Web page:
“You didn’t have to do that...I was enjoying the view.”

   He whipped his head around to snap at her crude comment only to choke on his own spit at the sight of her. He’d heard about women wearing their lover’s clothes, but he never imagined witnessing someone wearing his own, especially Katara. To his relief, she hadn’t grown much in the past eight years, whereas he had, making the tunic cover her a decent amount. Yet, the contrast of her smooth brown skin to the crimson color of his clothes left him tongue-tied.

  The young water bender slipped off his bed, drawing the corners of the tunic tight around her body. “Thank you for letting me borrow this. As much as I would like to stay and sight-see, I should probably get back to my own quarters. As you said yourself, we don’t want anyone asking any more questions than they already will. I’ll return this to you after the meeting this afternoon. See you later, Your Majesty.” Giving a mock bow, she flashed him a mischievous smile before slipping out the door to leave him in deafening silence.

  He fell to the floor, dizzy with overwhelming emotions. There were so many questions he had for both himself and her, but no answers were found.

  Breakfast was torture. Zuko sat in the midst of the other leaders talking about all the changes being made in the alliance, which would have been interesting if Katara wasn’t sitting right next to him. She acted casually, speaking with the silky, eloquent voice of hers. It was as if nothing had ever happened, and that frustrated him.

  It didn’t help that Aang sat on the other side of him, oblivious to what had went on. He wanted to flip the table and address what he felt was the elephant in the room, but that wasn’t going to happen.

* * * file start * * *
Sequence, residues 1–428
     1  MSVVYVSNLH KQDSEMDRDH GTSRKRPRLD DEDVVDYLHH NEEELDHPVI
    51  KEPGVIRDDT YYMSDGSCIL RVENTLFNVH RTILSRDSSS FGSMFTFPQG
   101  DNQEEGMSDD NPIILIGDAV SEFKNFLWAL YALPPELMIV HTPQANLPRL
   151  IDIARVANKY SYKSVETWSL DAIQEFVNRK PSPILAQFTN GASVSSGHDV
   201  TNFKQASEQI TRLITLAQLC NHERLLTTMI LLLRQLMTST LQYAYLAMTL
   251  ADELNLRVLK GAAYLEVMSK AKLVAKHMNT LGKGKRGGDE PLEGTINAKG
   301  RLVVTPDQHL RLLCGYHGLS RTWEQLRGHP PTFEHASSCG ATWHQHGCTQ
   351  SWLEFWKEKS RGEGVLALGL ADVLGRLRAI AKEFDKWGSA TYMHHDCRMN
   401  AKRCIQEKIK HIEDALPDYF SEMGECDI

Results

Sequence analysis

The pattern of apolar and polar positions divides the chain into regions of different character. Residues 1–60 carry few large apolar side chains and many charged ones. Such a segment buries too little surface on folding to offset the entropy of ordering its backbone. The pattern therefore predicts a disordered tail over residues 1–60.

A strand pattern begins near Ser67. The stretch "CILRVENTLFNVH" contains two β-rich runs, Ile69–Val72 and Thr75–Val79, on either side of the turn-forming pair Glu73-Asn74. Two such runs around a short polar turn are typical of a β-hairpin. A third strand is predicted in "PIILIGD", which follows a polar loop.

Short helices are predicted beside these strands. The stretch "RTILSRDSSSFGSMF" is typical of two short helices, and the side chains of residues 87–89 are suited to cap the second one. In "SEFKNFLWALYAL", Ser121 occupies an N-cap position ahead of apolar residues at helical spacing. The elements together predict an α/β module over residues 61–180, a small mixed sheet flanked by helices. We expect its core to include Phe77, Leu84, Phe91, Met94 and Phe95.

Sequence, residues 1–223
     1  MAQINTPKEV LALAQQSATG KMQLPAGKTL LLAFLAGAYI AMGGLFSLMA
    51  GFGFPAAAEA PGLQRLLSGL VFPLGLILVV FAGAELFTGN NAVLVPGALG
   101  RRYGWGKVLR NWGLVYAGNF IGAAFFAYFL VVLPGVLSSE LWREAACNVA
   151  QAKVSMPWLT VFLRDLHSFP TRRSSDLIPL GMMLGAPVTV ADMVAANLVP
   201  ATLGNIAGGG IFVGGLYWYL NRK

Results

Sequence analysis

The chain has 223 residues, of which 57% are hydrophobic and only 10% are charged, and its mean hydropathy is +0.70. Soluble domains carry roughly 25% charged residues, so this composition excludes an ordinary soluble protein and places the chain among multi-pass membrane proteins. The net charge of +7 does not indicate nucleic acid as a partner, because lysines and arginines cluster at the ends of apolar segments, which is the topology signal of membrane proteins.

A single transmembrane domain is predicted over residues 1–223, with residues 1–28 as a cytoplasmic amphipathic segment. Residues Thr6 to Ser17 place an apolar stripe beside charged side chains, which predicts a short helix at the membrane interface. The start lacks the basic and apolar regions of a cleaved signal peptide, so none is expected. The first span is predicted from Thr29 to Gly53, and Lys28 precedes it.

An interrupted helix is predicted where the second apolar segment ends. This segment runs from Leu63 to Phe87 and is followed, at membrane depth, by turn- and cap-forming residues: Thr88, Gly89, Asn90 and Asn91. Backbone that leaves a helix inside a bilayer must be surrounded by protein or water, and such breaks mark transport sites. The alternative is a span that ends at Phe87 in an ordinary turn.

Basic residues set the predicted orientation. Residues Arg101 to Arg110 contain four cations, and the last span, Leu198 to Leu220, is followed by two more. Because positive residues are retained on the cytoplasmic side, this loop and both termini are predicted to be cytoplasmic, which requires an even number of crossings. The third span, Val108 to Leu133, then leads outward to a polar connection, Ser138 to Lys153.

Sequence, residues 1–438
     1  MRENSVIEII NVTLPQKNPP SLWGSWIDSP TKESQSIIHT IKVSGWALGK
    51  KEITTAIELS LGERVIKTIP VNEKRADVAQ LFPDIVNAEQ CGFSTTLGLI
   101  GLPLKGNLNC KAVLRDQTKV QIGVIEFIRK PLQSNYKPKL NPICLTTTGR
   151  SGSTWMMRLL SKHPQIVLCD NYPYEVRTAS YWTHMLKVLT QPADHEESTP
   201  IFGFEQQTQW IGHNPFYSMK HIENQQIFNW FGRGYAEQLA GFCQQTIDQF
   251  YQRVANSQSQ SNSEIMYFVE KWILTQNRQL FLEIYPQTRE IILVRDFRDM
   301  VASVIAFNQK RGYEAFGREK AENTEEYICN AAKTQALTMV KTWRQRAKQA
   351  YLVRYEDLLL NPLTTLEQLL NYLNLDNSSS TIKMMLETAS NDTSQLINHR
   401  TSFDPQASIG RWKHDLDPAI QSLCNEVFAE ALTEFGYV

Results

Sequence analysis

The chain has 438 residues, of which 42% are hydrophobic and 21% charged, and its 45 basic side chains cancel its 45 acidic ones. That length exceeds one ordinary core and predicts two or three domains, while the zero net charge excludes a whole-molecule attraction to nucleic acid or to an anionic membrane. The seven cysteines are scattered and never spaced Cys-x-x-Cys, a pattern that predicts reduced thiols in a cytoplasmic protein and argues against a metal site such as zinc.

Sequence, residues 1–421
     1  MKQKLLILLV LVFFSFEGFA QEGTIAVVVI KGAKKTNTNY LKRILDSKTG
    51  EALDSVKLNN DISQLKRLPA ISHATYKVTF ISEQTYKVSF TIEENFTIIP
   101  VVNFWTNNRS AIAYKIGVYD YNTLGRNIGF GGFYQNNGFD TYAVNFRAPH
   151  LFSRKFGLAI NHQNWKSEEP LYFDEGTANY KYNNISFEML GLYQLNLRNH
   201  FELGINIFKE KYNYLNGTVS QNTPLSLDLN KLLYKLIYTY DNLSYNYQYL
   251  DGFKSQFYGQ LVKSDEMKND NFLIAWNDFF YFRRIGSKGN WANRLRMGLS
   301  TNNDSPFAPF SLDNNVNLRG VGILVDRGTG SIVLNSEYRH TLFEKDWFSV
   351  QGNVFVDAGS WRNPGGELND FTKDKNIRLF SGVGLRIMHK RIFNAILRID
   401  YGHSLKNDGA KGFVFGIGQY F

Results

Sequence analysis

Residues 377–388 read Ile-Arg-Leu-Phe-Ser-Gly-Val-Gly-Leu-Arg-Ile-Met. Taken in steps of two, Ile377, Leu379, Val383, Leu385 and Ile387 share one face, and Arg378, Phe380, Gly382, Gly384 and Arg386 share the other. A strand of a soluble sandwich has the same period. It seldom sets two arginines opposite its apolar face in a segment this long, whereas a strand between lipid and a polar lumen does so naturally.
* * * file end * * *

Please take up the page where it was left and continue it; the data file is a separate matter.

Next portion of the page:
“What do you think about the new medical plan, Fire Lord Zuko?”

  He gripped the edges of his chair, trying his best to maintain his composure. “Ah..uh..yes, I think it’s a very well-thought out plan. The Water Tribes should be applauded for their continued efforts to improve the healthcare of their people. I would be happy to apply their methods here as well.” He glanced next to him, locking eyes with Katara instead of averting her gaze, which is what he truly wanted to do in that moment. “If that’s alright with you, of course. I hear this idea was originally your own.”

  She grinned. “The credit isn’t all mine. Both Aang and the healers from the North played a part as well.”

  A pang shot through his heart at Aang’s name, but he brushed it aside. “Well then, you’ll have to give them my thanks. For now I can only express my gratitude to both you and the Avatar.” He nodded at the man beside him, the corners of his mouth lifting slightly at the big, toothy smile that was flashed at him.

  He felt guilty at that moment, thinking back on the kid that believed him even when others didn’t. There was no way he was going to let their friendship crumble because of what had went on (whatever it was) the night before. He needed to apologize to Aang, no matter what the outcome was.

   But that required him actually finding out what the heck occurred between him and Katara. Since he had such a difficult time even looking at her, it was impossible to gather details that way. However, there was someone, or rather two someone’s, who always knew what went on around them, and they were his only choice at the moment.

   Even if he just had breakfast, there was still room for tea.